THE SHOOTING SCRIPT by Laurence Klavan

THE SHOOTING SCRIPT

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KIRKUS REVIEW

Another madcap adventure for the self-described “trivial man,” a specialist in finding hopelessly lost films.

Who cares if Roy Milano’s archrival, Abner Cowley, is ascending to the lofty heights of la-la land by snaring a scriptwriting assignment for all 12 parts of the blockbuster fantasy The Seven Ordeals of Quelman while Roy’s carrying a sandwich board in Union Square to pay for his mother’s medical treatment? Having already dug up a copy of Orson Welles’s cut of The Magnificent Ambersons in his debut (The Cutting Room, 2004), Roy’s on the track of this year’s Holy Grail: Jerry Lewis’s unreleased Holocaust feature, The Day the Clown Died. Unfortunately, Ted Savitch, the crazy old man who dangles the rarity in front of Roy, dies just as Roy’s arriving to look at his treasure, sending Roy on a madcap chase after the stolen videotape. His quest will take him from Hollywood to Amsterdam and bring him into full-body contact with a cast and crew of zanies who cap Roy’s incessant memories of which star replaced which other star in which movie by acting out scenes from their favorite classic films, from Double Indemnity to Psycho. Much of what follows is very funny; all of it is manic, and none of it takes much account of what Alfred Hitchcock used to call the “plausibles.”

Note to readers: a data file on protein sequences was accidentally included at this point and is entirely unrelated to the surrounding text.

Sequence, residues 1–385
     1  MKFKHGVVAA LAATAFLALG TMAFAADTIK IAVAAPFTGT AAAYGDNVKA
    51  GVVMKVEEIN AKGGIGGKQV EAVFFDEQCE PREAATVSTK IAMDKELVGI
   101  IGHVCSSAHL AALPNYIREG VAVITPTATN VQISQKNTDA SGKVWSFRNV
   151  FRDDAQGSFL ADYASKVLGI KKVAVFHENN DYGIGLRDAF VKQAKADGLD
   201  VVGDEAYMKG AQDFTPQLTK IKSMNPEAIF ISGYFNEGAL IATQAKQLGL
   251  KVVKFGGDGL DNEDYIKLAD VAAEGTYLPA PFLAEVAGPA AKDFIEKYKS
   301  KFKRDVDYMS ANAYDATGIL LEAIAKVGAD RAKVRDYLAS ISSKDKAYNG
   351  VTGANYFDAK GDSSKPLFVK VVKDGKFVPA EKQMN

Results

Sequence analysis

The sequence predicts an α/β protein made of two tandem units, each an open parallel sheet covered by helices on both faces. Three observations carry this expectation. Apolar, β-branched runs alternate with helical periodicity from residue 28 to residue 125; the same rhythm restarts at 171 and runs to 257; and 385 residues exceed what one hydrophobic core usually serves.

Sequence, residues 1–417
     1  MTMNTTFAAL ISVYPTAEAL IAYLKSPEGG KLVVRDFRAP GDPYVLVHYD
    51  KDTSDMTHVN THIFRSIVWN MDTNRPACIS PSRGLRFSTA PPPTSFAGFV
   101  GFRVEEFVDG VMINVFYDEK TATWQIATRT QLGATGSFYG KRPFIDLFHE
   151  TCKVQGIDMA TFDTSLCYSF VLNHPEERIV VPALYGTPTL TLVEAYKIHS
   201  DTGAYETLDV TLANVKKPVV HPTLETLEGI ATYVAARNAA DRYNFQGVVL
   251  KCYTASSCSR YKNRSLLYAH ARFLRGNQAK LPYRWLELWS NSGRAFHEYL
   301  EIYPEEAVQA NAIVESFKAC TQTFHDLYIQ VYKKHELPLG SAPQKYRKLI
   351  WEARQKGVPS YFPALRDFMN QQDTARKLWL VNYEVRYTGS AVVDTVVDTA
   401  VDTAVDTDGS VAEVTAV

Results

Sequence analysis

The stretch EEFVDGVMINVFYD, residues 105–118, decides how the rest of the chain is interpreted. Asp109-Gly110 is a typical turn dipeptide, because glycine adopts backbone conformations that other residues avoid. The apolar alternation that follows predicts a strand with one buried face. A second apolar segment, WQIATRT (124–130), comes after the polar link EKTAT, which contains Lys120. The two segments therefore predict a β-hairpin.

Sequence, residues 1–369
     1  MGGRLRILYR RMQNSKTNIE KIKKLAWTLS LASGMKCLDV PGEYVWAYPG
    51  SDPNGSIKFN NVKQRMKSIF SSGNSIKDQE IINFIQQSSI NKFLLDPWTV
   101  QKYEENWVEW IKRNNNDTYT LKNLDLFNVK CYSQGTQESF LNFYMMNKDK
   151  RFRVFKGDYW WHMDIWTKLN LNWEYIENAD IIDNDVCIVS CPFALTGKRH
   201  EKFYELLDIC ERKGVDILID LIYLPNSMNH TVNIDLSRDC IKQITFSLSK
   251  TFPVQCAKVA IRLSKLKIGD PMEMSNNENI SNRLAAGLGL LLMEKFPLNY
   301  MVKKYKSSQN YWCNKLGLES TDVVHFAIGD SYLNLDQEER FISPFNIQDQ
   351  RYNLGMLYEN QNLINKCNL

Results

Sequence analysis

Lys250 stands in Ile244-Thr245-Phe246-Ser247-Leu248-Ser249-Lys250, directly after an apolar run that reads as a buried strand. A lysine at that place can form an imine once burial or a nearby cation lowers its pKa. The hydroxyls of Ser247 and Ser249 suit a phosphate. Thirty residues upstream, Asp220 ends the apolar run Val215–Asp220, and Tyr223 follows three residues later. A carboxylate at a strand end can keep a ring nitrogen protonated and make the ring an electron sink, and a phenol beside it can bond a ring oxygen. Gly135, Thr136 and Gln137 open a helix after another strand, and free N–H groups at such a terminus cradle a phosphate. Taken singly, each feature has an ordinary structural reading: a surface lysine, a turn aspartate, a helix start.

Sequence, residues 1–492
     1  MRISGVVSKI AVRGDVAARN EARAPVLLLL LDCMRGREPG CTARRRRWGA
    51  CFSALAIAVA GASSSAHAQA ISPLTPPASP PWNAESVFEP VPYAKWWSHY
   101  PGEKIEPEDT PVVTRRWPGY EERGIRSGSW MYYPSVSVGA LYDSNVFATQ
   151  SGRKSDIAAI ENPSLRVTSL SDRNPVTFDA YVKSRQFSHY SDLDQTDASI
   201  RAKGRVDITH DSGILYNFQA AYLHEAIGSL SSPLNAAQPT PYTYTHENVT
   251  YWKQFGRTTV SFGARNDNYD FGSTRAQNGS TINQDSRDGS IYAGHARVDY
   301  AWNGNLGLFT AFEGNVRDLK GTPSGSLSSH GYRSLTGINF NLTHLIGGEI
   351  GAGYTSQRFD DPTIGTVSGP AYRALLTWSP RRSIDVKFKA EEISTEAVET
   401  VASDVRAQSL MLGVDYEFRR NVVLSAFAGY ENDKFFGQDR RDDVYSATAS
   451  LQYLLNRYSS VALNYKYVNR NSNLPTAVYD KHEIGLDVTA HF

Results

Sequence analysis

Think It’s a Mad Mad Mad Mad World of Movie Trivia and you’ll know right away whether you want to look further.

Pub Date: March 1st, 2005
ISBN: 0-345-46276-9
Page count: 288pp
Publisher: Ballantine
Review Posted Online:
Kirkus Reviews Issue: Dec. 15th, 2004